Although an ecologically sustainable and healthy energy system, based on efficient energy use and renewable energy sources, is now technologically and economically feasible for Australia, there is a lack of political will. Government energy policy since the Howard government aims to retard the development of energy from renewable electricity source, until such time as coal-fired power stations with CO2 capture and sequestration (and nuclear power stations for the Coalition) are available.

The argument is that given Australia's high level of fossil fuel reserves , it must remain substantially reliant on fossil fuels for energy needs and energy security. The argument is flawed. Australia also posses a high level of renewable resources in wind ans solar, but the Government does not argue that should therefore be reliant on these resources.

| Posted by Gary Sauer-Thompson at 9:07 AM | | Comments (8)


It struck me as about as tokenistic a measure as Howard subsidising LPG conversions. Then I saw where the money was coming from and realised it's just plain bad.

I'm struggling to think of a single good thing Labor has done since Gillard took over, suggesting that the purported reasons for the coup were a crock.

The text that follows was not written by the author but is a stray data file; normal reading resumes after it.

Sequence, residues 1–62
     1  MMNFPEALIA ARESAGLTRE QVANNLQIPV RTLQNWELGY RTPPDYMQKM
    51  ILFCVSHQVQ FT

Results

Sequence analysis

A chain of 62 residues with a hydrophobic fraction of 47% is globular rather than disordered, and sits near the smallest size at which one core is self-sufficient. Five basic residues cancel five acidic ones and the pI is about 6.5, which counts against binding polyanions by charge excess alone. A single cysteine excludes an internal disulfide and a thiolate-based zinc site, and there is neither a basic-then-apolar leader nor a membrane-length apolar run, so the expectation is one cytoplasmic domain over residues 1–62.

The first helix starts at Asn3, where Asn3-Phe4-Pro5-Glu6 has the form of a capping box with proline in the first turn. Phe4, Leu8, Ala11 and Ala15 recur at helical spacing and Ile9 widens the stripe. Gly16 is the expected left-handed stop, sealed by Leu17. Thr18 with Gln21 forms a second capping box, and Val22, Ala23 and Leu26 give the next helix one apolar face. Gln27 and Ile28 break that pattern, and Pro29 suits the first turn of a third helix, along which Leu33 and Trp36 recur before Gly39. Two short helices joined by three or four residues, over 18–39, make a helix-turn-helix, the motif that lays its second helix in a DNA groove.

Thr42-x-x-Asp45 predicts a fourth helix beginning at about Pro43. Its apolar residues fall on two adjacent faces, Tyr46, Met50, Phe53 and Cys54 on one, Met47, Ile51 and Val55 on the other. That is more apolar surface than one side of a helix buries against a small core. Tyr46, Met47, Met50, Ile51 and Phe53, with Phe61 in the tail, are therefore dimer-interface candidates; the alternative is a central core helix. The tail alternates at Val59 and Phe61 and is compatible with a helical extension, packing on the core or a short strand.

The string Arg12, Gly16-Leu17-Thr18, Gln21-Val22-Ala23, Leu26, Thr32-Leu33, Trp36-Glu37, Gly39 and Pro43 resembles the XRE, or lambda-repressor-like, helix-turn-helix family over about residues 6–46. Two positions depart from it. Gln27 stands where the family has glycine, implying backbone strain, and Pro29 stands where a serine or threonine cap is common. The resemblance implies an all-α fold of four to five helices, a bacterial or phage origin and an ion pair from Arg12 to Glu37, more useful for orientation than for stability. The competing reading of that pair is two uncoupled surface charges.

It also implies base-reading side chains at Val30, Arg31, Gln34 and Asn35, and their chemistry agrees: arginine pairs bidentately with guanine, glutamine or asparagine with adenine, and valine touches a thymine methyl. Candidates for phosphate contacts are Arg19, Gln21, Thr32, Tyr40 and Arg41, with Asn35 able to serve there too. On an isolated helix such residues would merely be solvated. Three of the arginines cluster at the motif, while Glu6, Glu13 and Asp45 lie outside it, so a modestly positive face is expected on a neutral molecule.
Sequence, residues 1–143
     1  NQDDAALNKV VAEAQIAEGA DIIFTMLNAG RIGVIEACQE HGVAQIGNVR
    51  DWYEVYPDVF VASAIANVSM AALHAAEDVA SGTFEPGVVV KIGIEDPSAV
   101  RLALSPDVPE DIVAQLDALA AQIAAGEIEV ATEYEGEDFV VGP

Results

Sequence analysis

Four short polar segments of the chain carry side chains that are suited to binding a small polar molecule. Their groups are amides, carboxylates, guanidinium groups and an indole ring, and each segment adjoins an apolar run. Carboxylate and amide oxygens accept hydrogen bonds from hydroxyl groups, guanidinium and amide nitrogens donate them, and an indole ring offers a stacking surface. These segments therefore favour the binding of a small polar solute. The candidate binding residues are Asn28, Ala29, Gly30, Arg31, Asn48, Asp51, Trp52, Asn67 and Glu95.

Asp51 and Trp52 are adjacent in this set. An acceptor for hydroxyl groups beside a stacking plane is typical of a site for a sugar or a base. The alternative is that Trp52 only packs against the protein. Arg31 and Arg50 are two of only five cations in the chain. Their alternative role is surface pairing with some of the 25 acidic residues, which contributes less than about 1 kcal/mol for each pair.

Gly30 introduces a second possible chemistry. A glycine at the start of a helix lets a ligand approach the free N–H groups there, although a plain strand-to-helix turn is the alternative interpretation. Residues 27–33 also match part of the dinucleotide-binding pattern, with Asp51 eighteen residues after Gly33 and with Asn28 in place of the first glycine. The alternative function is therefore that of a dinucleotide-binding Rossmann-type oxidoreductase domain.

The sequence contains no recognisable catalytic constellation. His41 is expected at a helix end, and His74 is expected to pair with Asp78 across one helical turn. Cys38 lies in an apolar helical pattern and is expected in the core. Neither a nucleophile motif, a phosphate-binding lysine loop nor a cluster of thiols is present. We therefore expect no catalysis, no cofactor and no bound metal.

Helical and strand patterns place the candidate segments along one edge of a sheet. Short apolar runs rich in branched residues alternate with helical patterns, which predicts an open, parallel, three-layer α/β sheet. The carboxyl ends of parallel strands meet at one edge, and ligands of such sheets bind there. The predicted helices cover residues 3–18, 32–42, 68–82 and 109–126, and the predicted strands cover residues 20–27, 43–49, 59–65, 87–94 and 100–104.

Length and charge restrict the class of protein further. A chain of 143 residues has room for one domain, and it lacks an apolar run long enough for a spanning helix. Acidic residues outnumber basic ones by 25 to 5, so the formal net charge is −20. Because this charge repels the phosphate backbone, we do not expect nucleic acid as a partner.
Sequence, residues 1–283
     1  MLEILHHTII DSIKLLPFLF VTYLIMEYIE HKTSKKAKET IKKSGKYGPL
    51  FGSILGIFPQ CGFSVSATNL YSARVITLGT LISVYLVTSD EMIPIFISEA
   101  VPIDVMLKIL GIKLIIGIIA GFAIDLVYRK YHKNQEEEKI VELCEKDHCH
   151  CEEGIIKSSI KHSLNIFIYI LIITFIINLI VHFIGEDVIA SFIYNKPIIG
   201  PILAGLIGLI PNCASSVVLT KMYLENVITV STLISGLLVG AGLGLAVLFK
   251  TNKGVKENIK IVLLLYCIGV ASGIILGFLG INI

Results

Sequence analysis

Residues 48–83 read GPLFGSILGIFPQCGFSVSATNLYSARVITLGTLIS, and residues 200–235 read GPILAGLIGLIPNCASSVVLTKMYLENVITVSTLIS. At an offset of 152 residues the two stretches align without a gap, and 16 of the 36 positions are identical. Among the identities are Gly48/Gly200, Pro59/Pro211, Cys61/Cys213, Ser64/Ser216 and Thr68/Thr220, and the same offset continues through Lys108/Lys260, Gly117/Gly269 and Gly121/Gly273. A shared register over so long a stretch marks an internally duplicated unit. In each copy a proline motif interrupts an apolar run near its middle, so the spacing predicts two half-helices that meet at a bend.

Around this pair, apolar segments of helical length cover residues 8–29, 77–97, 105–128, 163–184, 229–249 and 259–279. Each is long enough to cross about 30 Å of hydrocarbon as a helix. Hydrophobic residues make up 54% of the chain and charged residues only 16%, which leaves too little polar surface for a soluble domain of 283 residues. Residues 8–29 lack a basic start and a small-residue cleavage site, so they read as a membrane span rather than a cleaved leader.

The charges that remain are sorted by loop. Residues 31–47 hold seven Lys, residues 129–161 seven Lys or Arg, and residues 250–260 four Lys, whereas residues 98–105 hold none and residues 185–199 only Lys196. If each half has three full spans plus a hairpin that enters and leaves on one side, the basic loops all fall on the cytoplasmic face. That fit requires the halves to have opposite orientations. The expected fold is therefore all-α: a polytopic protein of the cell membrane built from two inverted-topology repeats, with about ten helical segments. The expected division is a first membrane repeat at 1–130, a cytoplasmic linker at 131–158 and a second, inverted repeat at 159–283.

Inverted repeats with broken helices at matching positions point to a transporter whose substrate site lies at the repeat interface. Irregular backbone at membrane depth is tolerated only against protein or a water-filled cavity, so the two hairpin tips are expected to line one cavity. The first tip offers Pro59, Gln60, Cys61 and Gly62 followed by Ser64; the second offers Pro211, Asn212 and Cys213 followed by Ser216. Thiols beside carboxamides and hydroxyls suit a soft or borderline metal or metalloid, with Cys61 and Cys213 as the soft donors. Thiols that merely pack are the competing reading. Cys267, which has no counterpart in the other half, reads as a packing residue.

One main argument deployed by the coal and nuclear power industries is that renewable energy cannot provide base- load power to substitute for coal-fired electricity. Government Ministers and most journalists in the establishment media propagate this conventional ‘wisdom’, even though it is flawed.

The political implications are that, if the fallacy becomes widely believed to be true, renewable energy would always have to remain a niche market, rather than achieve its true potential of becoming a set of mainstream energy supply technologies.

The problem with this argument is that the national electricity grid is already designed to handle variability in both demand and supply. To do this, they have different types of power station (base-load, intermediate-load and peak-load) and reserve power stations.

Renewable electricity sources (e.g. bioenergy, solar thermal electricity and geothermal) have identical variability to coal-fired power stations and they can be integrated without any additional back-up.

i agree with Ken---- Labor's "cash for clunkers" is symbolic politics. It is the typical style of the NSW Right --eg., witness their public transport plans for Sydney, which are mostly hot air.

I was in Whyalla last week and drove past the solar power station being erected there.

Its on the site of the old dairy managed rellies of mine.

It will employ 250 people for 3 years.
It will provide power for 1000 homes.
It is just one of many eminently suitable locations for such sustainable power generation in SA and Australia.